Maximum Wall Thickness?

I would like to use 1" OD DOM steel tube for my MPCNC, which I would get case hardened for maximum durability. From what I’ve read, DOM had very good tolerances, and when case hardened should be even more durable than stainless. My heat treater says that the can straighten all my tubes after treatment for only a few dollars extra, but at 0.49 wall thickness they say its likely thy will only be able to get a 36" piece of steel straight within 0.035". They said if I can beef it up to 0.1" that they should be able to ensure a much better straightness.

My question is, how thick/heavy can the rails be before you start to run into problems with fast movements or belt stretching?

Weights of different DOM tubes, (two pieces, 36" each)

1.09" is 6.22 lbs
0.083" is 4.87 lbs
0.65" is 3.93 lbs

I can’t comment on DOM, I have only tested stainless and conduit. Be careful, Stainless is nice and rigid and won’t rust and pit, most steel is not and has lots of flex.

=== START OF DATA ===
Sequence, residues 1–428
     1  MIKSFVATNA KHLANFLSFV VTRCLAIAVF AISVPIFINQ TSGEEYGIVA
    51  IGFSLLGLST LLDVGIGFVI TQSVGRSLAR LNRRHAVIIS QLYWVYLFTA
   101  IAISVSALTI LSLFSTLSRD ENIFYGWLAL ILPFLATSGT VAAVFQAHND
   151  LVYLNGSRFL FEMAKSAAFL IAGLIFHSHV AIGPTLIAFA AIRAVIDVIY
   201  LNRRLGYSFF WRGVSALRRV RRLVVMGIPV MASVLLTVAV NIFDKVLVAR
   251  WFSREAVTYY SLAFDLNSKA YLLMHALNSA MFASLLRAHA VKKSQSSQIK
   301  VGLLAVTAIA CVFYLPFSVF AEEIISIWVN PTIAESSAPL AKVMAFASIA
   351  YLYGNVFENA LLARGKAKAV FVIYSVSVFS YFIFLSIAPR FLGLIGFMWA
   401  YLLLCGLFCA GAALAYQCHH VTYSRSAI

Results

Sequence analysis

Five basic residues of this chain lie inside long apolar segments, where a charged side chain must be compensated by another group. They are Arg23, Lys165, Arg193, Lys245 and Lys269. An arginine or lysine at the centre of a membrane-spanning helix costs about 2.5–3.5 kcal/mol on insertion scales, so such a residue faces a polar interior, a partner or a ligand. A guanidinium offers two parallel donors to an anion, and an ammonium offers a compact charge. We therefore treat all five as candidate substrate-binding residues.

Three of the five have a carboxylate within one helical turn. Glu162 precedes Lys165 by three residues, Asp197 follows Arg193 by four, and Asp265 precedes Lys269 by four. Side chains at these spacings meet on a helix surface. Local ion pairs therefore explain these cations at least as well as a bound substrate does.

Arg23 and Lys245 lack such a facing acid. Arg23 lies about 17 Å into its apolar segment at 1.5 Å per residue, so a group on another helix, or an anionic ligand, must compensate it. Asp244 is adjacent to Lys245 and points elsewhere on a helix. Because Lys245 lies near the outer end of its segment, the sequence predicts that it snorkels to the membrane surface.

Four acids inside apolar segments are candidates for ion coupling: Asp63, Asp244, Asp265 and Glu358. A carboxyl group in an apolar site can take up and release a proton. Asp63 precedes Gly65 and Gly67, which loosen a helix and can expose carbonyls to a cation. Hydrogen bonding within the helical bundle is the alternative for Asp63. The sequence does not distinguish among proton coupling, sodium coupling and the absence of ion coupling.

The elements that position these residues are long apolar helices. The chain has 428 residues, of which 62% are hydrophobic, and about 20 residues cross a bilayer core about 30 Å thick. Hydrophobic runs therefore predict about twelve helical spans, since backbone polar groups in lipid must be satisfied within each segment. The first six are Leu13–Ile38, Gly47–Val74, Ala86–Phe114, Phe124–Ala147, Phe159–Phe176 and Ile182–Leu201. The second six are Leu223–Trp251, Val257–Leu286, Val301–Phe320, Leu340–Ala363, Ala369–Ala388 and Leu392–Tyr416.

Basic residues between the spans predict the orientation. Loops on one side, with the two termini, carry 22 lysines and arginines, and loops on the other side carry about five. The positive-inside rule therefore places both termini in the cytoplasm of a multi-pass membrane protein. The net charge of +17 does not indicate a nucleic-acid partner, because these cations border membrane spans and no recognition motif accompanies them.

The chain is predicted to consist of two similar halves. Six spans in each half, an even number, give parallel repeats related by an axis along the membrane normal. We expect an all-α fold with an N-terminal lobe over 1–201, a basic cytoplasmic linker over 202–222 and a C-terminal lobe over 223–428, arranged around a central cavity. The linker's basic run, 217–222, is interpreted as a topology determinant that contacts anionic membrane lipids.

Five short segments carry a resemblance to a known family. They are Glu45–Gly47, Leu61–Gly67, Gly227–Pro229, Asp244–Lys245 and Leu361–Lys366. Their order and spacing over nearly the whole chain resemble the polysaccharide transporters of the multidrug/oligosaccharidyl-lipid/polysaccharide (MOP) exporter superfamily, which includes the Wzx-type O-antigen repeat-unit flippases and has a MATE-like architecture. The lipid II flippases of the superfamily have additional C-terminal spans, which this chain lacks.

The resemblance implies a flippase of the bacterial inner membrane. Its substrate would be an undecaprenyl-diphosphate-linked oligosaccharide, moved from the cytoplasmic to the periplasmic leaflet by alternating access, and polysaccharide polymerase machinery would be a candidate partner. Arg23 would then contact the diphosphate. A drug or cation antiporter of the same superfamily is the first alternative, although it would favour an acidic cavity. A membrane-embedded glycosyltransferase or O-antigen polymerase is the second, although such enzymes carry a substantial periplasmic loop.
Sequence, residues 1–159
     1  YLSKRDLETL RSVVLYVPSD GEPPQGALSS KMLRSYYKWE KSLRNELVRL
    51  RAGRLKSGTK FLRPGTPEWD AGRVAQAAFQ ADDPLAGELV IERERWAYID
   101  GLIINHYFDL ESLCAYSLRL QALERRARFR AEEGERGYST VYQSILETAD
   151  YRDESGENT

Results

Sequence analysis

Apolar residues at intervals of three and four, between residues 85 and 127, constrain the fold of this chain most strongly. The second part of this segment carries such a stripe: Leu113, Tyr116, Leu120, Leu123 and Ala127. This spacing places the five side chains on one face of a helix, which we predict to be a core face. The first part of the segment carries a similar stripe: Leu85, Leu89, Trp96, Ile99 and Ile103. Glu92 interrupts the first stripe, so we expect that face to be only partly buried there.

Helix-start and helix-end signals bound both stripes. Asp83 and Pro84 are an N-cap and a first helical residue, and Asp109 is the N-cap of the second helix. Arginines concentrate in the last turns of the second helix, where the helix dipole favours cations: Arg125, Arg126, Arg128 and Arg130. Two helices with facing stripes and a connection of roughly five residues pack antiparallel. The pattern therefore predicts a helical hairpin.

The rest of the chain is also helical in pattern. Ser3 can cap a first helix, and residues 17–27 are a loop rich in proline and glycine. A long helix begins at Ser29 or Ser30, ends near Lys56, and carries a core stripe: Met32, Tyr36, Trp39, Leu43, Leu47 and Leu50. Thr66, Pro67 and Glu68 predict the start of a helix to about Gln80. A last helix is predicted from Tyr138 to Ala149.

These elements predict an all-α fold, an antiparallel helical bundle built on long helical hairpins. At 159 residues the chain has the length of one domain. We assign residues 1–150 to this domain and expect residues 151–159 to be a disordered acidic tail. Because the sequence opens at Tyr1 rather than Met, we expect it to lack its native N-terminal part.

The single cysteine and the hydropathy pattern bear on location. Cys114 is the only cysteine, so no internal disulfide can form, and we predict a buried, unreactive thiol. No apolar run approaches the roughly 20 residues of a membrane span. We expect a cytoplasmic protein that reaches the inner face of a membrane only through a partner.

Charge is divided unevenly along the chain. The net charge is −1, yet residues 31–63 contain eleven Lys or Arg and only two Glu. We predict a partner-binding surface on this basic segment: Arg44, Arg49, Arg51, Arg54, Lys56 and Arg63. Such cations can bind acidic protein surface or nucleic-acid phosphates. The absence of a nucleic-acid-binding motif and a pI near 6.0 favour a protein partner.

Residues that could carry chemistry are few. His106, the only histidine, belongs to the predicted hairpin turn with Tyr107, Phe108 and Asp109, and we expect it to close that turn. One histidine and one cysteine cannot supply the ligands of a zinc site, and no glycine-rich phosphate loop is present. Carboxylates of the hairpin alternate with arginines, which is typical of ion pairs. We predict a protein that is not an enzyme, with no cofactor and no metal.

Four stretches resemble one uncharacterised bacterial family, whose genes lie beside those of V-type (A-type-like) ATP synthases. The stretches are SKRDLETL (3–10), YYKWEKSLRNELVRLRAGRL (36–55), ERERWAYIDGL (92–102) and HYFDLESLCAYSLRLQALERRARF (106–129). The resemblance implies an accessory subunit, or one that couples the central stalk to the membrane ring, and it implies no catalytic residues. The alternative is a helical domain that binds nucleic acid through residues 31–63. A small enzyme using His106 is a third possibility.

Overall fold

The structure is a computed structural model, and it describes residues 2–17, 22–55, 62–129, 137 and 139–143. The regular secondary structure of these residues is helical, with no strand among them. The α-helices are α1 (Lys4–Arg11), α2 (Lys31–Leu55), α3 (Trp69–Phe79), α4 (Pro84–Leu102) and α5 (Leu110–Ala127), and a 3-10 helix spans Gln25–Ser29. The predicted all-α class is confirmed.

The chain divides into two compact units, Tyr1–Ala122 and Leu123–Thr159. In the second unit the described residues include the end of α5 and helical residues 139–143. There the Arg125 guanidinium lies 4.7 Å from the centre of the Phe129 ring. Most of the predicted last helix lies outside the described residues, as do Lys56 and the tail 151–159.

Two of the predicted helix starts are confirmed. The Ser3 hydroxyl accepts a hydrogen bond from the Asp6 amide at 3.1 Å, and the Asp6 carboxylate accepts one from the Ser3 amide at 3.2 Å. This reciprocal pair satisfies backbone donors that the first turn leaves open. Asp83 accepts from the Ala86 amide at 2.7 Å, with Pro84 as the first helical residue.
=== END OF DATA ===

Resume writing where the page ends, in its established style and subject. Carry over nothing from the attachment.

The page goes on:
Weight is a moving mass issue, belts are not going to stretch before you break plastic. The heavier it is the slower your accelerations, and cnc’s are basically all acceleration plus and minus. It has a huge effect on cut time. If you go too big it will also sag under its own weight.

What will the primary use be for your cnc?

I’m almost positive that 1020 should be very close to the same rigidity as 304. I know the risks of rusting, I plan on keeping everything well oiled. Have you noticed much wear with stainless rails? I know that smaller stainless rods wear down very quickly when subject to steel on steel bearings. I’m planning mostly on doing light aluminum work (plates and brackets) and engravings, and if I can get away with it I’d like to be able to make simple molds for resin casting and injection molding. I also need a few relatively large things I need 3d printed (new Z-carriage for my main printer).

The good thing is that since DOM is very cheap, and since I pay the same amount per batch for heat treating up to 50lbs, I could just buy enough steel tubes for whatever configurations would be best for each process, and then harden them all for the same cost.

EDIT: 1020 actually looks more rigid than stainless.